Mike Pompeo will visit the Middle East, including Israel, next week. The timing is interesting. What could the outgoing U.S. secretary of state be after here, with the coronavirus pandemic still raging and his boss supposedly packing his bags after his clear-cut loss to Joe Biden in the presidential election?
One of President Donald Trump’s last loyalists, Pompeo was the fellow who declared this week that Washington is indeed preparing for a governmental transition next January 20 – from the first Trump administration to the second Trump administration.
This is the unswerving loyalty that ensured Pompeo’s survival as secretary of state, during a period in which the president quickly got fed up with most of his senior officials. Just this week, Trump completed another night of the long knives in the Pentagon and dumped, as expected, a number of officials, notably the defense secretary, Mark Esper. The president never forgave Esper for his opposition to sending the army into the streets last summer to pummel the demonstrators against him. Some of the new appointments come from the lunatic fringes of the American right wing, from realms where conspiracy theories are standard fare.
An evil spirit is hovering over the American capital these days. Along with purges at the top, Trump and his advisers are busy managing a battle of legal self-defense with the aim of overturning the election result, or at least of disrupting Biden’s entry into the White House.
Despite the lurid screams of the Trump cult in the United States and its clones in Israel, the overwhelming majority of American experts believe that the president doesn’t have a legal case to prove systematic voter fraud.
The question is whether Trump, who never intended to concede the election, is only immersed in processing his mourning and his advisers are flowing with him, or whether there is a plot afoot, desperate and hopeless, to thwart the transition of power. The most likely explanation is that Trump, like the renter of an apartment who has turned out to be an insufferable nag, is actually negotiating the terms of his departure.
If he manages to maintain, over time, the notion held by some of his voters that the election was stolen from him, he will entrench his status in the Republican Party, perhaps launch a new right-wing television network, “Trump TV,” and position himself for the 2024 election.
The New York Times, quoting senior sources in the Pentagon, reported this week that the concern there is that Trump is planning one last dramatic act before he leaves – a military attack in Iran or Venezuela. Gen. H.R. McMaster, one of the four national security advisers Trump went through, told Fox News on Wednesday that there is a possibility Israel will attack Iranian nuclear facilities before Trump leaves office.
In every year between 2009 and 2013, as was reported superficially at the time and in greater detail afterward, Prime Minister Benjamin Netanyahu considered launching a massive air strike against Iran.
On one occasion, an argument broke out between Netanyahu and his defense minister, Ehud Barak, and, on the other side, Mossad chief Meir Dagan. The latter objected to “squeezing the spring,” the directive to prepare for an attack within the space of a few weeks.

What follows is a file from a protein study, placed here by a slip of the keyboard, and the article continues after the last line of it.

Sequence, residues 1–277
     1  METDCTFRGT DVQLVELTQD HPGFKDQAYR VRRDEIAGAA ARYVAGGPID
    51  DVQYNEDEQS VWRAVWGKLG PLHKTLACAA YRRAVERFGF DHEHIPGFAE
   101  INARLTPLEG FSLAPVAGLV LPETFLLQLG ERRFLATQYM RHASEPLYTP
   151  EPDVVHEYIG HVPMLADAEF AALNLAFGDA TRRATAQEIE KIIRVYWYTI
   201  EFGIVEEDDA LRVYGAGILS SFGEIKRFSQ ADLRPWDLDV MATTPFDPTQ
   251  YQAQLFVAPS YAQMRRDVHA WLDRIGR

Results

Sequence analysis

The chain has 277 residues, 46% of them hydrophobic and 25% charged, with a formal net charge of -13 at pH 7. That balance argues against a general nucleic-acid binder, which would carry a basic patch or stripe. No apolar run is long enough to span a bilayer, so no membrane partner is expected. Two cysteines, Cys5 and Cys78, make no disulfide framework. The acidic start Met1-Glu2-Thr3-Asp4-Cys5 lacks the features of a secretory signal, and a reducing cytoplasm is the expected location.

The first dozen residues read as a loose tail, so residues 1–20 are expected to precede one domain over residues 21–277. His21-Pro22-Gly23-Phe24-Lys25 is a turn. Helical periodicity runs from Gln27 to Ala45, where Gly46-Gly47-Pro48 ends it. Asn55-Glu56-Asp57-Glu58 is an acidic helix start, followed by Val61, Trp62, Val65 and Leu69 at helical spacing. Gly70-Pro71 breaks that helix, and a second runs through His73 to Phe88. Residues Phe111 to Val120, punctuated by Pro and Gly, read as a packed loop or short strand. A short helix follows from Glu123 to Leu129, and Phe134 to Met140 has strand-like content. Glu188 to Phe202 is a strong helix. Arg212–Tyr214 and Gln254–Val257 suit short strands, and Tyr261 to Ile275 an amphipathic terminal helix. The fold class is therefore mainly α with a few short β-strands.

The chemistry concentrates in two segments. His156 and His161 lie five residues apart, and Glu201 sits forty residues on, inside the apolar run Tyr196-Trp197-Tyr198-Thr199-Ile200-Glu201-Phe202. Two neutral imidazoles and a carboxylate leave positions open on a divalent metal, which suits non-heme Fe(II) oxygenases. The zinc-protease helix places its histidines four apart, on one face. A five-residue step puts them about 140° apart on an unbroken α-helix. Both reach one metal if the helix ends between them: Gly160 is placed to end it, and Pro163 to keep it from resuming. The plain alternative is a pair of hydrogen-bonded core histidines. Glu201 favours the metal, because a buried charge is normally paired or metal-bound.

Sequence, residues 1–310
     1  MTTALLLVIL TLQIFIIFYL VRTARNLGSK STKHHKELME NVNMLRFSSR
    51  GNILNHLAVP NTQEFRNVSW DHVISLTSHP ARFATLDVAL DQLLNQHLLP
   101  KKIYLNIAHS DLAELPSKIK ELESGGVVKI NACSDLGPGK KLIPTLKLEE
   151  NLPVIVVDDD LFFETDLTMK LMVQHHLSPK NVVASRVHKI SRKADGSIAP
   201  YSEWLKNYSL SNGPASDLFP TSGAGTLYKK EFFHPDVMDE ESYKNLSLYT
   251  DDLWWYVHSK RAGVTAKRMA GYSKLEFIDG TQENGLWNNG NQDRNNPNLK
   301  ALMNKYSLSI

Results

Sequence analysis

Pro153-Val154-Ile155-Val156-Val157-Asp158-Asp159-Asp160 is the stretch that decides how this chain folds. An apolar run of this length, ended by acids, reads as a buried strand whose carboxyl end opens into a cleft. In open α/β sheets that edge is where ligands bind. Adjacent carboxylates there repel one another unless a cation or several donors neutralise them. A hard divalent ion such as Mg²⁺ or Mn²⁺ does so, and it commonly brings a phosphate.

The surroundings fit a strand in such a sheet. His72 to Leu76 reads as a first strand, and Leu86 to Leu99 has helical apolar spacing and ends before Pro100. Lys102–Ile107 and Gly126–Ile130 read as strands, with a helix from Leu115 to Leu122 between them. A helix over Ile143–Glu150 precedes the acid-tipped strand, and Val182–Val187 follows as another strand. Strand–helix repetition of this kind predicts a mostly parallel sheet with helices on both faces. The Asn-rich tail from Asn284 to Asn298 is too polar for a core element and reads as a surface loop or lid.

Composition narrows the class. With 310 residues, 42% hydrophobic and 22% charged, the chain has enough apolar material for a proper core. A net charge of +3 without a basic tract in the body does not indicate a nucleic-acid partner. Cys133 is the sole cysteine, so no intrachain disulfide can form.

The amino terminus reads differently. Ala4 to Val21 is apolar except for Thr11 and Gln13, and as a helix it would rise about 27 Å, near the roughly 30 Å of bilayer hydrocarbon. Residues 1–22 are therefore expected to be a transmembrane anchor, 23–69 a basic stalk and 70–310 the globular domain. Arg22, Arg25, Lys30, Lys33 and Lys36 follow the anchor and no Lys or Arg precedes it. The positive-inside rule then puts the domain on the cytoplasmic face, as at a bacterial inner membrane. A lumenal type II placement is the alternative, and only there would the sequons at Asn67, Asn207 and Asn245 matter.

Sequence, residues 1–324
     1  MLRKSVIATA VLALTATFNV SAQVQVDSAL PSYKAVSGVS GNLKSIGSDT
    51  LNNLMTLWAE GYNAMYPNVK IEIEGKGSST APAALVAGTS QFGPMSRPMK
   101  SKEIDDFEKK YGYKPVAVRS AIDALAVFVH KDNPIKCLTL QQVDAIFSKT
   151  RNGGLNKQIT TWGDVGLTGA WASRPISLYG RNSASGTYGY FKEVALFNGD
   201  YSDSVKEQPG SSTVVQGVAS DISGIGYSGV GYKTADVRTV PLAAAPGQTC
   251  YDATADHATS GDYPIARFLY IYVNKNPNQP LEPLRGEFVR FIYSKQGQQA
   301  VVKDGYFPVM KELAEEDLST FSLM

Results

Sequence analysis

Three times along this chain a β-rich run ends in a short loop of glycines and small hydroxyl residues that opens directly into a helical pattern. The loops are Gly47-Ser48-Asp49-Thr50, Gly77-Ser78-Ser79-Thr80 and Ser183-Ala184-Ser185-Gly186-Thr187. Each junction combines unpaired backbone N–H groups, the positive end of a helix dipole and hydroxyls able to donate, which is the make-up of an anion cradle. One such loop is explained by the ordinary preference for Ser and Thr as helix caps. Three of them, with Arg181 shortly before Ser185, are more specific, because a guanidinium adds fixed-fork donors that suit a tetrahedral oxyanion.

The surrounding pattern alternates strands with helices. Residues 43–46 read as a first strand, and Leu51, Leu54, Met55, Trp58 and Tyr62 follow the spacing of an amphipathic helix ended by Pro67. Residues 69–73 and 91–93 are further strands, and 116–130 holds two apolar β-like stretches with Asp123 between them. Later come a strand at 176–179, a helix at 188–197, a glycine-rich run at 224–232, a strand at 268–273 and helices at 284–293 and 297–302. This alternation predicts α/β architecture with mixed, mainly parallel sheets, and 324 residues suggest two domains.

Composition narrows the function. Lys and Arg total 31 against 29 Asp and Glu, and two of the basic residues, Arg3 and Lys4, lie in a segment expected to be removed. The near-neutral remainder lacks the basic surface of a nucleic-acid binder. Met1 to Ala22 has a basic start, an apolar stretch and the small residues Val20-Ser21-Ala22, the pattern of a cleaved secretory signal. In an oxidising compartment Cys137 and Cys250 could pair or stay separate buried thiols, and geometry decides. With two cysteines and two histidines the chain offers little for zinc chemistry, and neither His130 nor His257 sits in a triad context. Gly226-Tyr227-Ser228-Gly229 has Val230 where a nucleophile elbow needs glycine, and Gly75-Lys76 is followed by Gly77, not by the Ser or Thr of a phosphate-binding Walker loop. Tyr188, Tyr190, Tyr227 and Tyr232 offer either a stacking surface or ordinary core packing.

American experts believed then that the possible timing for an attack would depend on the “weather window,” referring to the cloud conditions that prevail over Iran in the winter and that would hamper an attack in that season. In the Trump era, against the background of the U.S. withdrawal from the nuclear agreement with Iran, the question of bombing the country did not arise directly until now. However, a series of incidents occurred that obligated the use of more limited force: the Mossad’s theft of Iran’s nuclear archive (revealed in May 2018), the assassination by the United States of Gen. Qasem Soleimani (last January) and a mysterious explosion, for which no one claimed responsibility, in a uranium enrichment facility in Natanz (last July).
Ahead of Pompeo, the State Department’s “special representative for Iran and Venezuela,” Elliott Abrams, visited Israel this week. Asked about a possible Israeli military strike, Abrams repeated an anecdote from 2007, during the George W. Bush administration. Prime Minister Ehud Olmert wanted to recruit the Americans for a joint move to attack the nuclear facility that North Korea had built in Syria. “Bush replied that America is not a traffic cop,” Abrams noted. “We don’t deal with green lights or red lights.”
Abrams said his visit was meant to coordinate the sharpening of the sanctions plan, “maximum pressure,” against Iran. In the background is the intention of the Biden administration to renew the negotiations on the nuclear agreement after he enters office or, more likely, after the Iranian presidential election next June.
Trump is the least predictable U.S. president ever. There’s a certain edginess in Israel over the attempt to grasp his intentions concerning Iran during the transition period. If Trump is sharing his thoughts with Netanyahu, the prime minister so far is not updating the defense establishment. It appears unreasonable, in these circumstances, that Netanyahu will seek to impose on his coalition allies from Kahol Lavan (and on the Israel Defense Forces high command, which has reservations) a unilateral Israeli move in Iran. But it’s hard to completely rule out an American operation, with Israel getting some of the ricochets of the Iranian response to it.
Header: WASHINGTON, DC – SEPTEMBER 15: U.S. President Donald Trump and Prime Minister of Israel Benjamin Netanyahu participate in a meeting in the Oval Office of the White House on September 15, 2020 in Washington, DC. Netanyahu is in Washington to participate in the signing ceremony of the Abraham Accords. Doug Mills/Pool/Getty Images/AFP
Original: Amos Harel – HAARETZ